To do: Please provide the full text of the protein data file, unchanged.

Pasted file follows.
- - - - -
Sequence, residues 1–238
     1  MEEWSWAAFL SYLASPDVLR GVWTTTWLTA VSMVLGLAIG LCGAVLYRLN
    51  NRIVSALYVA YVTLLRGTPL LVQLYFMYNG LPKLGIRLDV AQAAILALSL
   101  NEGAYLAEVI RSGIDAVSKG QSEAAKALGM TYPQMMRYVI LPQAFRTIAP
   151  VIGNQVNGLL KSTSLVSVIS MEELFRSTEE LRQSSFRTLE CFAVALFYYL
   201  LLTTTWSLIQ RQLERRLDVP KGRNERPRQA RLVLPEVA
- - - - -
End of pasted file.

Sequence, residues 1–238
     1  MEEWSWAAFL SYLASPDVLR GVWTTTWLTA VSMVLGLAIG LCGAVLYRLN
    51  NRIVSALYVA YVTLLRGTPL LVQLYFMYNG LPKLGIRLDV AQAAILALSL
   101  NEGAYLAEVI RSGIDAVSKG QSEAAKALGM TYPQMMRYVI LPQAFRTIAP
   151  VIGNQVNGLL KSTSLVSVIS MEELFRSTEE LRQSSFRTLE CFAVALFYYL
   201  LLTTTWSLIQ RQLERRLDVP KGRNERPRQA RLVLPEVA